The dust has settled after Secretary of State Rex Tillerson’s visit to Latin America. In itself, it was no disaster, though clearly no success either. The greater significance lies in what it reveals about the basic direction of U.S. engagement with Latin America. The trip shows that U.S. policy is damaging U.S. stature not just in the region, but globally.
Two of the more controversial messages he carried were the need to intensely pressure the Venezuelan government and to warn the region about the threats posed by China and Russia in the hemisphere. The reactions to these assertions tell us a lot about Latin America’s relationship with the U.S. and the rest of the world, and it isn’t pretty.
Many of the responses to Tillerson’s trip and message point to a new and unprecedented tone. From a wide array of countries, friends and adversaries alike, there was rebuke and sometimes even trolling. Even in the worst days of the George W. Bush administration, when he was deeply unpopular almost everywhere, there was criticism but not this level of derision.
We expect such a tone from a few countries. The Cuban Foreign Ministry said Tillerson’s message showed “arrogance and disdain.” Venezuelan President Nicolás Maduro said the idea of an oil embargo was illegal. Evo Morales rejected acting against the Maduro government and claimed he had “liberated” Bolivia from the United States. Those responses are almost rote, to be resurrected whenever a U.S. official makes a statement.
But there was more. The Chinese Foreign Ministry didn’t just deny Tillerson’s claims about their negative impact, it essentially labeled them fake news: “What the United States said is entirely against the truth.” Peru’s Trade Minister echoed that sentiment, saying he was “happy” with his country’s trade relationship with China.
The Russian Foreign Ministry didn’t just counter Tillerson, it schooled him: “Like President James Monroe in his time, Secretary Tillerson cited Russia to justify his conceptual framework.” The tone of the entire statement was remarkable, an intentionally condescending history lesson.
Mexican Foreign Minister Luis Videgaray praised Tillerson, then noted that Mexico did not support Tillerson’s interest in encouraging a Venezuelan coup, a sentiment shared by Argentine President Mauricio Macri. Though despite Videgaray’s mostly positive words about the Secretary of State, when in Washington DC the Mexican foreign minister ignores Tillerson and goes directly to Jared Kushner. As an added bonus at home, the former commander of Southern Command James Stavridis outlined what Tillerson should say, most of which contradicted what the Secretary of State actually said.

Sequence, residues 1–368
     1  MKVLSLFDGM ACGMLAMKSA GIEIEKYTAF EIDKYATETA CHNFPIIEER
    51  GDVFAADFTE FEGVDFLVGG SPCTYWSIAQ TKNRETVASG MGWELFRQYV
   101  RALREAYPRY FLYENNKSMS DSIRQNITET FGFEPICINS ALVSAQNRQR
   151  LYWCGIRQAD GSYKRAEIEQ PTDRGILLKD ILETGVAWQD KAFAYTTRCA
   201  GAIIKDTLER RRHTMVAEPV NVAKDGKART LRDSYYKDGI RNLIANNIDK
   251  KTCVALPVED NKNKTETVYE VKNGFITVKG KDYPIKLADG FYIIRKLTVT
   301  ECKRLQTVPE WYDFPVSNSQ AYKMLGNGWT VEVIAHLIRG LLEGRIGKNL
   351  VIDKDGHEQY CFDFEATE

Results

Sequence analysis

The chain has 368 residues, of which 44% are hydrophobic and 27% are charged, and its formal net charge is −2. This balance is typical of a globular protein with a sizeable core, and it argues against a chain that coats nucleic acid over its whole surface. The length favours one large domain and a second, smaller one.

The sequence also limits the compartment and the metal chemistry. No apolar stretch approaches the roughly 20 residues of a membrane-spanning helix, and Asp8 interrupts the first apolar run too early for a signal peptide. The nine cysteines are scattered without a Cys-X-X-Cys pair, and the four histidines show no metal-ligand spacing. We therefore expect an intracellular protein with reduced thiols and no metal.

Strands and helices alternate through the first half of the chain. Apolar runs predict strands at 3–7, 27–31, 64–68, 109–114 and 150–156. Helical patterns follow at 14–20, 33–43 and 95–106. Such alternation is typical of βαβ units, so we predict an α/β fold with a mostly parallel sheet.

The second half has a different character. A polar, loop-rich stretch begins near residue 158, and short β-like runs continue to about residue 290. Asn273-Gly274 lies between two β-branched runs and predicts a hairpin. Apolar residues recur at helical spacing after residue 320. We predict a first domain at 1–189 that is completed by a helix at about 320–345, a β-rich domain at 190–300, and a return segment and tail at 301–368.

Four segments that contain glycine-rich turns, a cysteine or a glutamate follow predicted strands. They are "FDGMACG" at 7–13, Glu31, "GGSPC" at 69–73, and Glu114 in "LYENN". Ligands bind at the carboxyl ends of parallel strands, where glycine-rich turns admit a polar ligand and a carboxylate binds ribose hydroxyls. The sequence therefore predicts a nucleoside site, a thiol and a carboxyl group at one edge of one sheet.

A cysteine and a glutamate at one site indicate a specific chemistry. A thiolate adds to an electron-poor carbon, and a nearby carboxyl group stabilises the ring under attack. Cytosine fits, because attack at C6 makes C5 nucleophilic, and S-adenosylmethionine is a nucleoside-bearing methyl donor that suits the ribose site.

That is a significant amount of pushback for one short visit, and it is only the tip of the iceberg. In the fifteen months since he was elected, leaders from around the world have ridiculed and repudiated President Trump’s Latin America policy.
Colombian President Juan Manuel Santos, who received Tillerson favorably, had previously contradicted Mike Pence on Venezuela. Brazilian Foreign Minister Jose Serra, who had already called a potential Trump presidency a “nightmare,” has sharply contradicted Trump on trade. Australian Trade Minister Steve Ciobo negotiated a free trade agreement with Peru specifically to challenge Trump’s protectionism.
Right before Tillerson’s trip, Chinese state media published an editorial noting that he would “experience the vibes from the ‘American First’ policy.” Chilean Foreign Minister Heraldo Muñoz let Trump feel some of those vibes by making fun of his comments about immigrants, saying that people from “shithole countries” were welcome in Chile.
Others noted how to take advantage of Trump’s missteps. In late 2016, the chair of the European Parliament’s Latin American delegation argued that the EU should “exploit and occupy the vacuum” left by the Trump presidency. R. Viswanathan, a former Indian Ambassador to Argentina and Venezuela, wrote in 2017 that India was in a perfect position to reap the economic benefits as Latin America recoiled from “the bullying Trump.”
This shift in tone reflects the obvious reality that world leaders do not have much respect for Donald Trump and his policy prescriptions. This doesn’t mean Latin America will reject all his policies, or that many leaders don’t share some of his views. But the snide asides and sarcasm reflect world leaders both bewildered by a hapless presidency and poised to use its poor choices to their benefit.